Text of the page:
Figure 3 shows the two types of myocardial fibrosis: interstitial and replacement fibrosis. Diffuse interstitial myocardial fibrosis was observed in 22/120 (18.3%) samples, and collagen fibers are scattered in the extracellular space (Fig. 3g). Focal replacement myocardial fibrosis was observed in 72/120 (60%) samples (Fig. 3i), which is local and occurs after cardiomyocyte necrosis. And the remaining 26/120 (21.7%) samples have both interstitial and focal replacement fibrosis (Fig. 3h). Three different manifestations from two types of myocardial fibrosis and their corresponding extent characterized by MPM are comparable with picrosirius red-stained images, respectively (Fig. 3j, l and k).

Quantification of fibrosis

The measurement of CVF was shown in Table 2 and Fig. 4. MPM-derived CVF was comparable to that derived from picrosirius red staining based on all samples (22.58 ± 11.13% vs. 21.19 ± 11.79%, p = 0.348), as well as in DCM samples and ICM samples (Fig. 4a). Patients with ICM had significantly greater MPM-derived CVF (25.33 ± 12.65% vs. 19.82 ± 8.62%, p = 0.006) and staining-derived CVF (24.48 ± 13.20% vs. 17.89 ± 9.18%, p = 0.002) than patients with DCM (Fig. 4b).
Table 2
Comparisons and correlations between MPM-derived CVF and picrosirius red staining-derived CVF
Cardiomyopathy
(samples)
MPM-derived CVF (%)
Staining-derived CVF (%)
t value*
p value*
r value#
p value#
Total (n = 120)
22.58 ± 11.13
21.19 ± 11.79
 − 0.941
0.348
0.972
 < 0.001
DCM (n = 60)
19.82 ± 8.62
17.89 ± 9.18
 − 1.189
0.237
0.963
 < 0.001
ICM (n = 60)
25.33 ± 12.65
24.48 ± 13.20
 − 0.361
0.719
0.973
 < 0.001
Data presented as mean ± SD
*Comparisons between MPM-derived CVF and staining-derived CVF
#Correlations between MPM-derived CVF and staining-derived CVF
MPM, multiphoton microscopy; CVF, collagen volume fraction; DCM, dilated cardiomyopathy; ICM, ischemic cardiomyopathy

Correlation between MPM-derived CVF and staining-derived CVF

The results of the correlation between myocardial fibrosis measured by MPM and that measured by histological staining were shown in Table 2 and Fig. 5. Based on the analysis of all samples, the MPM-derived CVF values strongly correlated with the staining-derived CVF (r = 0.972, p < 0.001; Fig. 5a). Based on the subgroup analysis, the correlation between MPM-derived CVF and staining-derived CVF in ICM patients (r = 0.973, p < 0.001; Fig. 5b) was slightly higher compared with that in DCM patients (r = 0.963, p < 0.001; Fig. 5c).

Reproducibility analysis

The intra- and inter-observer reproducibility was analyzed for the 20 samples (Table 3). MPM-derived CVF analysis revealed an ICC for intra-observer measurement of 0.995 (95% confidence interval [CI]: 0.987, 0.998) with a bias of − 0.3% (95% CI: − 2.8 to 2.1%) and for inter-observer measurement of 0.989 (95% CI: 0.971, 0.995) with a bias of − 1.1% (95% CI: − 4.8 to 2.5%). Staining-derived CVF analysis revealed an ICC for intra-observer measurement of 0.995 (95% CI: 0.988, 0.998) with a bias of − 1.1% (95% CI: − 3.3 to 1.1%) and for inter-observer measurement of 0.985 (95% CI: 0.962, 0.994) with a bias of − 1.0% (95% CI: − 4.9 to 2.9%) (as shown in the supplementary information).
Table 3
Intra- and inter-observer reproducibility showed by Bland–Altman analysis and intraclass correlation coefficient
  
Bias
SD of bias
95% CI
ICC
95%CI
MPM-derived CVF (%)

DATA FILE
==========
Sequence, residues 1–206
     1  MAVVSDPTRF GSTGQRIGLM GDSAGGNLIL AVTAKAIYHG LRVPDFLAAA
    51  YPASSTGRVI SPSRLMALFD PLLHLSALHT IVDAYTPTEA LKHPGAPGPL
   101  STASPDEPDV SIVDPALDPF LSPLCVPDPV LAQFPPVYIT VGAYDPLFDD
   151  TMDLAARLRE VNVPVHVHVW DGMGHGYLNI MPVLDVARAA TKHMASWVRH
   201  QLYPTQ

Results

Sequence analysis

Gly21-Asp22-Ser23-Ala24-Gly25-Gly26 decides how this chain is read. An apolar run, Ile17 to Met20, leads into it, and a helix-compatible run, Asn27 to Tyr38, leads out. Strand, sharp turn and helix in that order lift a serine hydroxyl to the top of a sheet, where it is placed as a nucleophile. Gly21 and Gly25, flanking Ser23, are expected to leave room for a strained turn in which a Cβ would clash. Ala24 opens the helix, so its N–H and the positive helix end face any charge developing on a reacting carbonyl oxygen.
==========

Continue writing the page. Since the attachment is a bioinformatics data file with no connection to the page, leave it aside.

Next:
Intra-observer variability
 − 0.3
1.3
(− 2.8, 2.1)
0.995
(0.987, 0.998)
Inter-observer variability
 − 1.1
1.9
(− 4.8, 2.5)
0.989
(0.971, 0.995)
Staining-derived CVF (%)
Intra-observer variability
 − 1.1
1.1
(− 3.3, 1.1)
0.995
(0.988, 0.998)
Inter-observer variability
 − 1.0
2.0
(− 4.9, 2.9)
0.985
(0.962, 0.994)
SD, standard deviation; CI, confidence interval; ICC, intraclass correlation coefficients; CVF, collagen volume fraction

Discussion

The results of this study demonstrated that (1) MPM can readily visualize cardiomyocyte and myocardial fibrosis by TPEF and SHG microscopy; (2) the degree of CVF was higher in ICM patients than that in DCM patients; (3) the CVF measured using MPM was comparable to that derived from picrosirius red staining; (4) MPM-derived CVF correlated well with staining-derived CVF; and (5) both CVF measurements were reproducible.
We found that the visualization of myocardial microstructure is feasible in unstained histology sections using MPM. The change of myocardial microstructure involving cardiomyocyte and fibrosis damaged systolic or diastolic function [16]. The accurate estimation of these changes in various cardiomyopathies is a critical indicator for exploiting a therapeutic strategy and predicting prognosis. With heart biopsies, conventional histological analysis by suitable staining methods is regarded as the gold standard for the detection of myocardial microstructure [17]. But this process may be accompanied with dehydrated tissue, abnormal morphology, and time consuming. MPM imaging from unprocessed tissue with an advantage of minimal optical attenuation and photo-damage is a promising alternative for standard histopathological imaging to assess complex tissue microstructure. Our study demonstrated that myocardial fibrosis measured by MPM was almost equivalent to that measured by histological staining. Consequently, we have reason to believe that MPM could be used to explore the development process and mechanism of the disease, and also could serve as a complementary tool for the clinician to make a definite diagnosis and treatment monitoring of cardiovascular disease. To our knowledge, this is the first study that uses MPM to make an optical visualization of myocardial microstructure in the human heart.
We demonstrate whether it is diffuse and focal myocardial fibrosis, both of which can be accurately quantified using MPM. Focal fibrosis has been proven to represent the replacement of myocyte after cell damage or necrosis by fibrosis usually observed in ICM patients [18], different from diffuse interstitial myocardial fibrosis, which is scattered in the myocardial interstitium. Our findings show that the content of diffuse and focal myocardial fibrosis by MPM correlated well with that by picrosirius red staining, demonstrating that the ability of MPM to quantify fibrosis is not affected by fibrosis distribution. Because the intensity of the generated SHG signal depends intrinsically on the sample biological structure, and quantitative information can be obtained about the biomaterial structure and organization, compared with confocal microscopy, MPM can produce comparative high-axial and high-lateral resolution with added biochemical specificity [10].